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Town and Gown: Foodways in Antebellum Chapel Hill, NC

Author(s): Ashley Peles

Year: 2016

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Summary

Chartered in 1789 and enrolling students in 1795, the University of North Carolina at Chapel Hill is one of three schools that claims the title of oldest public university in the United States. Despite this storied history, relatively little is known about the lives of antebellum university and Chapel Hill residents, particularly archaeologically. In October 2011, contractors excavated a trench around the Battle, Vance, and Pettigrew buildings at UNC. In the process, they exposed archaeological remains along the east Side of Vance Hall. Of particular interest was the discovery of a stone-lined drain designed by UNC Professor Elisha Mitchell and built by slaves in the early 1840s. At the time, this feature was located along a boundary between public university property and a privately owned residential complex. As such, the faunal remains discarded in this drain provide a unique perspective on the foodways of a burgeoning Chapel Hill community.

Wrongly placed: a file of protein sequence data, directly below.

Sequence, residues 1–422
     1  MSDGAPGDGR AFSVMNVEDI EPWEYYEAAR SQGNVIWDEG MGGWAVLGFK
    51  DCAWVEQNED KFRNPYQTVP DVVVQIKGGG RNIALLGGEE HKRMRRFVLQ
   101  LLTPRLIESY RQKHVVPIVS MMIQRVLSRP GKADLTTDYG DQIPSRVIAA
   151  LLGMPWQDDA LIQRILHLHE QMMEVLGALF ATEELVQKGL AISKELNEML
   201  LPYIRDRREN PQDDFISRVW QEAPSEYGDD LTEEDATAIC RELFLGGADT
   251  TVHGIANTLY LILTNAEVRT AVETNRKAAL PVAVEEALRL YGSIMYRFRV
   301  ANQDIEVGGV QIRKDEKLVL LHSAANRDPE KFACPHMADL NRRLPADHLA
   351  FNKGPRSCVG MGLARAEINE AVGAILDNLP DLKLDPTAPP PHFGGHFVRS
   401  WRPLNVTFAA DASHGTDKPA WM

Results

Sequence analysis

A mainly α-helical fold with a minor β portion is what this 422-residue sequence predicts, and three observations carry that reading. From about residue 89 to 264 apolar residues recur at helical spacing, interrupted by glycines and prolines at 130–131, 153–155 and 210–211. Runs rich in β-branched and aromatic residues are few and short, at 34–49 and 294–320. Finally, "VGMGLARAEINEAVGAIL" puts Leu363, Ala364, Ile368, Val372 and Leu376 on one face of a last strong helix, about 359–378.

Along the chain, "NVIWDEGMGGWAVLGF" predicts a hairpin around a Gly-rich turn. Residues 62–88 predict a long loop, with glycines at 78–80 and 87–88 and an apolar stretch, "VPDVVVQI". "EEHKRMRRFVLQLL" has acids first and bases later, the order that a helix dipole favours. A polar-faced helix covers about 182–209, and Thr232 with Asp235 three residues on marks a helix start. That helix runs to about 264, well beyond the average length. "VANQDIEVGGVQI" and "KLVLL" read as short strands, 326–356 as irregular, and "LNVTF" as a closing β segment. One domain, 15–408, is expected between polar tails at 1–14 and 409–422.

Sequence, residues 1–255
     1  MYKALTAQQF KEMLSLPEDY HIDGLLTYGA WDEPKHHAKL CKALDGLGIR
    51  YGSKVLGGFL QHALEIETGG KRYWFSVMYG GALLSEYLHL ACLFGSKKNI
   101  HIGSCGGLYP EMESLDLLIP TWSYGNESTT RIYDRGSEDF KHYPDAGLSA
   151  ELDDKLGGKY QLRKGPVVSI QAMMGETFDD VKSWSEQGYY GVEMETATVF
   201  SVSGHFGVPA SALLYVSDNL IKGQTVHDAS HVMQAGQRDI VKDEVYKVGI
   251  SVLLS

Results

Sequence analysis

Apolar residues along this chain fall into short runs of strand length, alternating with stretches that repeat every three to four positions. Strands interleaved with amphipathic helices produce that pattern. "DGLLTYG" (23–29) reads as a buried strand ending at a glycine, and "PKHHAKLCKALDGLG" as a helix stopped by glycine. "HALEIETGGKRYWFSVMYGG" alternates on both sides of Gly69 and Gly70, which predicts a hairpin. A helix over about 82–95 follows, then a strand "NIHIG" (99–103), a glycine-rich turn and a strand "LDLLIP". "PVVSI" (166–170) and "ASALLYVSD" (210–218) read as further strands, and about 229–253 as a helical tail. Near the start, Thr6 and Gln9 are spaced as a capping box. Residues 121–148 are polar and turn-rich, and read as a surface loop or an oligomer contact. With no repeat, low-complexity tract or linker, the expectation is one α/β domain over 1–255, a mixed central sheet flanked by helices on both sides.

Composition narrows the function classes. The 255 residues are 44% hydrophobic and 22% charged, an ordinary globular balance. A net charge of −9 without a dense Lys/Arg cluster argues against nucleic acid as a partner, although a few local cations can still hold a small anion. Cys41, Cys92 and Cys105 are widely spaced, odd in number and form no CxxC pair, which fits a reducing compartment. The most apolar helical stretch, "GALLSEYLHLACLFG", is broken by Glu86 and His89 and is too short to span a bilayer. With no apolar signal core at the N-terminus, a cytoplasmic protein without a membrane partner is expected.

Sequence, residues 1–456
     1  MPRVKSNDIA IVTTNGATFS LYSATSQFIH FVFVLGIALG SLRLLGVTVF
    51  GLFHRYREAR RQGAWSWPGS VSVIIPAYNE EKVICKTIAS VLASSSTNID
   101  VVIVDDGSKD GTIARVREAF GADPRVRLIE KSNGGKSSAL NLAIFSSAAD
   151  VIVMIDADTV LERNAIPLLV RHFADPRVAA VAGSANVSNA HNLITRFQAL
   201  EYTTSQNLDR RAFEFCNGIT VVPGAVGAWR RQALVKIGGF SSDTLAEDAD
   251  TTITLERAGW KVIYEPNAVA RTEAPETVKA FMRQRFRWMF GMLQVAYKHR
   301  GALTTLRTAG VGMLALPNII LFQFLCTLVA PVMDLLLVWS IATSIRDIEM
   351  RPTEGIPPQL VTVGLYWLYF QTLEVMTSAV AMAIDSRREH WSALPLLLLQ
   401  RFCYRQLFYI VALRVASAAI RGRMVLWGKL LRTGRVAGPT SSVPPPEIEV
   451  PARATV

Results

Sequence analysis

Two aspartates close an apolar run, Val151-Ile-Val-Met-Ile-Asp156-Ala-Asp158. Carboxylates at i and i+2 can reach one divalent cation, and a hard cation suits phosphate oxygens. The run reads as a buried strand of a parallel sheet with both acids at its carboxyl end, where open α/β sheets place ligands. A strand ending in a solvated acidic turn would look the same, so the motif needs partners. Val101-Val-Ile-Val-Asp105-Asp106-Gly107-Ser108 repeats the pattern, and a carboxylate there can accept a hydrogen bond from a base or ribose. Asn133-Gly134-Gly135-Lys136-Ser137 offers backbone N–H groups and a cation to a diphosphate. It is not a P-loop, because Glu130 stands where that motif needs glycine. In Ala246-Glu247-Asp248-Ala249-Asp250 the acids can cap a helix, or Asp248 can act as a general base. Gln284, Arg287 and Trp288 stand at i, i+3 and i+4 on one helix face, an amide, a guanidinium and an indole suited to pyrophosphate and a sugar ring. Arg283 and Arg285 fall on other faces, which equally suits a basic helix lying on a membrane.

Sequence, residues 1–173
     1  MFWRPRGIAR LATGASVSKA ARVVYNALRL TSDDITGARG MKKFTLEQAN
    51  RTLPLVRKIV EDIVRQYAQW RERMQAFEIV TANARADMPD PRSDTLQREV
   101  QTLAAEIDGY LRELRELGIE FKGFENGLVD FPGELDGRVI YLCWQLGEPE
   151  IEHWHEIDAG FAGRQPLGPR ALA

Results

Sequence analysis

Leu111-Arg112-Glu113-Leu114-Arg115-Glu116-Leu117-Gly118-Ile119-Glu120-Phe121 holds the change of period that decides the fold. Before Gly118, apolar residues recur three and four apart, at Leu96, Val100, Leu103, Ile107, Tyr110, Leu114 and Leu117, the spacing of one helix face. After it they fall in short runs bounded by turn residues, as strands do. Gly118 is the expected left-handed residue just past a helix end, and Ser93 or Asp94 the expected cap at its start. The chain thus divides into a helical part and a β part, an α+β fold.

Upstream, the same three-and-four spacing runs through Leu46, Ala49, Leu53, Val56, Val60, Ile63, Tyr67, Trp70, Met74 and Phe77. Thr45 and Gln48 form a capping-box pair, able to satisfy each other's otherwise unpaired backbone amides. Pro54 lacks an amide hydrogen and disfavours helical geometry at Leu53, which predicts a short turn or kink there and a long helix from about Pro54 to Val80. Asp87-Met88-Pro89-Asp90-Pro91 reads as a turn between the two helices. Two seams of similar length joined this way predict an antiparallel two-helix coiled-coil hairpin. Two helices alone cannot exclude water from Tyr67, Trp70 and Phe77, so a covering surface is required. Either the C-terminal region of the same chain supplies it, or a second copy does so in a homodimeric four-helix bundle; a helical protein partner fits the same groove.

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Cite this Record

Town and Gown: Foodways in Antebellum Chapel Hill, NC. Ashley Peles. Presented at Society for Historical Archaeology, Washington, D.C. 2016 ( tDAR id: 434436)


Keywords


Spatial Coverage

min long: -129.199; min lat: 24.495 ; max long: -66.973; max lat: 49.359 ;

Record Identifiers

PaperId(s): 400

Arizona State University The Andrew W. Mellon Foundation National Science Foundation National Endowment for the Humanities Society for American Archaeology Archaeological Institute of America